Read the entire article by clicking on the article title
FDA Warns Biotin May Interfere With Lab Tests
The US Food and Drug Administration has issued a warning that ingesting high levels of biotin, also known as vitamin B7, can lead to incorrect lab test results.
The agency said it issued the warning because it is seeing an increase in the number of reported adverse effects related to the vitamin's impact on lab results, including one death of a patient taking high levels of biotin whose troponin tests results were falsely low.
Biotin, a water-soluble vitamin often found in multi-vitamins, prenatal vitamins, and dietary supplements marketed for hair, skin and nail growth, can cause falsely high or falsely low lab test results depending on the indication, according to the FDA. Many of the dietary supplements promoted for hair, skin and nail benefits contain biotin levels up to 650 times the recommended daily intake, according to the FDA. Physicians sometimes also recommend high levels of biotin for certain conditions such as multiple sclerosis.
The agency is advising physicians to be aware that many lab tests, including cardiovascular diagnostic tests and hormone tests, may generate incorrect results if there is biotin in the patient's specimen. Physicians are also advised to tell the labs performing testing if patients are taking biotin.
Irish study contradicts former belief regarding common bleeding condition
Contrary to the former belief that people with the inherited bleeding disorder Low Von Willebrand Factor only posed a mild risk for bleeding, a new Irish clinical study has found that people with the disorder have a marked increased bleeding tendency.
These findings from the LoVIC study, led by the Irish Centre for Vascular Biology at RCSI, may alter doctors’ perception and management of this condition, particularly in relation to surgery or childbirth preparation.
Conducted in the National Coagulation Centre, St. James’ Hospital, the study is the first of its kind to research the causes and management of bleeding experienced by people diagnosed with Low Von Willebrand Factor. Dr Michelle Lavin, Clinical Research Fellow in St. James’s Hospital Dublin and the Irish Centre for Vascular Biology, RCSI commented: "Low Von Willebrand Factor was previously considered to cause only mild or no bleeding symptoms. We have conclusively shown that people with Low Von Willebrand Factor can experience serious bleeding, especially at surgery or childbirth. However, with targeted medications, we can effectively manage patients at these times to minimise bleeding risk".
Donor platelet variation does not affect transfusion outcomes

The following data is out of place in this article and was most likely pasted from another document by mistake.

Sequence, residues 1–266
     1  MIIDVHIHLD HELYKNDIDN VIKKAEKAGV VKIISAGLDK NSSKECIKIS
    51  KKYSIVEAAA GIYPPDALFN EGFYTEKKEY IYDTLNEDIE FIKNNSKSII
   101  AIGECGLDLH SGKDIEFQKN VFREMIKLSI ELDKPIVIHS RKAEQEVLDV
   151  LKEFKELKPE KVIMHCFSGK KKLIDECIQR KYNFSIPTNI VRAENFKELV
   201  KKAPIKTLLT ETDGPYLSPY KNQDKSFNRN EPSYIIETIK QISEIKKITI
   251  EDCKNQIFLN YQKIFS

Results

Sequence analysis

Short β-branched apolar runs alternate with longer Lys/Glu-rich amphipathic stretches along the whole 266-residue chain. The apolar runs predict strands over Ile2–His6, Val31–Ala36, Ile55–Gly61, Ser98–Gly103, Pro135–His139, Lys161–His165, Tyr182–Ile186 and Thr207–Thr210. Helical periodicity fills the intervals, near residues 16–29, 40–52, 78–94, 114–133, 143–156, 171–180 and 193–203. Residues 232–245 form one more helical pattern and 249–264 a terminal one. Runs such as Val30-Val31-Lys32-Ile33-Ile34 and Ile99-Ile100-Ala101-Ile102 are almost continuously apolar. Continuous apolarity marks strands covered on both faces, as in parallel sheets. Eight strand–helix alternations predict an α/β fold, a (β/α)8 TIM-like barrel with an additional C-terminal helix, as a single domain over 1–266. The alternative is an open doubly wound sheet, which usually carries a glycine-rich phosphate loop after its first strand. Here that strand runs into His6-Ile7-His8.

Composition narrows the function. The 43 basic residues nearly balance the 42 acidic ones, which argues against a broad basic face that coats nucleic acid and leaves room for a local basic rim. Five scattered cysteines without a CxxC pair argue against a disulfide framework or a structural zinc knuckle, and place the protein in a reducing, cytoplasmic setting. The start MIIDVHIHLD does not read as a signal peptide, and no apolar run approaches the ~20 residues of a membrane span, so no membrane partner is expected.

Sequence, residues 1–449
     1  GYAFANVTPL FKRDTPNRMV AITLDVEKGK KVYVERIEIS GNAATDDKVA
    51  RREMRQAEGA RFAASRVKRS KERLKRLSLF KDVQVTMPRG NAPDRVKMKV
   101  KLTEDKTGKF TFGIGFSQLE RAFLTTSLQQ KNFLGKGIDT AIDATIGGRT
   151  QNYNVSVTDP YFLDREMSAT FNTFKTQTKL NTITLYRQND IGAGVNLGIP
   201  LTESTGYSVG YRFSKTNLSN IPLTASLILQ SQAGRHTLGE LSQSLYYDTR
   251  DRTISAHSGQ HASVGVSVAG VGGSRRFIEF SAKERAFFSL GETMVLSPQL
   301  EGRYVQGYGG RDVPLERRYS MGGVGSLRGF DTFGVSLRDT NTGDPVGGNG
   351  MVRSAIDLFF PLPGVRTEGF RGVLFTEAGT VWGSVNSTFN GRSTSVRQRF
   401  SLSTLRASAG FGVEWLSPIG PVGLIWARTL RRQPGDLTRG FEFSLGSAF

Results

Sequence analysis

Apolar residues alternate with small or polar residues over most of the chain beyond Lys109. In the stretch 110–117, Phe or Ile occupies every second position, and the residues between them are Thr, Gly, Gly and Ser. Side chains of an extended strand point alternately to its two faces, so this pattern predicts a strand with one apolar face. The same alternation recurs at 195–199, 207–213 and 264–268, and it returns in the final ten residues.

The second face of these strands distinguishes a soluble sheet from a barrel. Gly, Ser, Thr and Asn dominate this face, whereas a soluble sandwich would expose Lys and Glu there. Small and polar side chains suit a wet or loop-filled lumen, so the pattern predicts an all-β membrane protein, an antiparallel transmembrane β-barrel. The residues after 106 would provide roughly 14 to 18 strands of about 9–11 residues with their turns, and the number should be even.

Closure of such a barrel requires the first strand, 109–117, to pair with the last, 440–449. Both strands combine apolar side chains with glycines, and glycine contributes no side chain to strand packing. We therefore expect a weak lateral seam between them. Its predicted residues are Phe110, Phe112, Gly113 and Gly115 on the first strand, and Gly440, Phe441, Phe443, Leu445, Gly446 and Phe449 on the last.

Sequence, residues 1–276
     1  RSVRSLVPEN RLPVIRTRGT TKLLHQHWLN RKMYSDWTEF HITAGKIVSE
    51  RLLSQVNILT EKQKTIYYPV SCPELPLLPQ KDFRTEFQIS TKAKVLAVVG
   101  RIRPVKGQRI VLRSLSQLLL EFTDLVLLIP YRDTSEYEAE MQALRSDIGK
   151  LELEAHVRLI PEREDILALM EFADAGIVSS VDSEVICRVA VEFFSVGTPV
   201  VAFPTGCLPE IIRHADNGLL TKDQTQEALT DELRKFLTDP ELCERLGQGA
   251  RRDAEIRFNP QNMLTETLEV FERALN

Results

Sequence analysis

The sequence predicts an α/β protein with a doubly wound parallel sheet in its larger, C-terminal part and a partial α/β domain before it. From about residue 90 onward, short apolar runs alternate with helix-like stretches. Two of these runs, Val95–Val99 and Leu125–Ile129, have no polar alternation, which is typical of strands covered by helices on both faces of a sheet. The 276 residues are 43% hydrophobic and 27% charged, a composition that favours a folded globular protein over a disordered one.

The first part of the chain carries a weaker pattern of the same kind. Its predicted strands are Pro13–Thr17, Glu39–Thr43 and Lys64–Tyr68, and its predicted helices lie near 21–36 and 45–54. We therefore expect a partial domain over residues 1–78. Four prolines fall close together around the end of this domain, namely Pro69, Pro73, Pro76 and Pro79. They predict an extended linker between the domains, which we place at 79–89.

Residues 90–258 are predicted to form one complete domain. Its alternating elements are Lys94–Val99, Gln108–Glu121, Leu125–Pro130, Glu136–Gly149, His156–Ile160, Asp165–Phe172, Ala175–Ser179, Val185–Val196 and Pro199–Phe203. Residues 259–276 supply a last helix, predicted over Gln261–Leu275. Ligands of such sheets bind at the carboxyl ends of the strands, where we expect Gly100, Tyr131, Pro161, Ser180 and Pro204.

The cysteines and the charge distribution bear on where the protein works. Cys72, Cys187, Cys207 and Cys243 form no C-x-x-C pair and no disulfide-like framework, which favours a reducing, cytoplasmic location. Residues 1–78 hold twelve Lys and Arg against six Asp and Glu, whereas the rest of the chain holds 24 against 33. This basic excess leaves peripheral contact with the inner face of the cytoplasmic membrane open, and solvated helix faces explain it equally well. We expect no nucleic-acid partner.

Variations in donor platelet function did not affect the outcome of prophylactic transfusions among patients with hematologic disorders, according to a semi-randomized, double-blind study published in Blood.
These results support policies of not selecting donors based on platelet function for prophylactic platelet transfusion.
"In the first controlled trial to assess whether differences in the level of platelet responsiveness in the donor population affect clinical outcome, we have shown that the outcome from prophylactic platelet transfusion in hematology patients does not differ whether the donor of the platelets has very low or highly responsive platelets to agonists in vitro," Rebecca A. Cardigan, PhD, FRCPath, head of components development at NHS Blood and Transplant at University of Cambridge in the United Kingdom, and colleagues wrote.
Researchers assessed whether platelets collected from donors with highly responsive platelets to agonists in vitro — assessed by flow cytometry — are cleared more quickly from circulation than those from low-responder donors, resulting in lower platelet count increments following transfusion.
Click on the article title to read the study results
Longer cervical cancer screening intervals may be safe after negative HPV tests
Women with one or more negative cervical co-tests with HPV and cytology screening have a lower risk for cervical cancer; therefore, it may be safe to extend screening intervals to every 5 years or more in these women, according to research published in Annals of Internal Medicine.
"Current U.S. cervical cancer screening and management guidelines do not consider previous screening history, because data on multiple-round HPV and cytology ‘co-testing’ have been unavailable," Philip E. Castle, PhD, MPH, from the Albert Einstein College of Medicine, and colleagues wrote.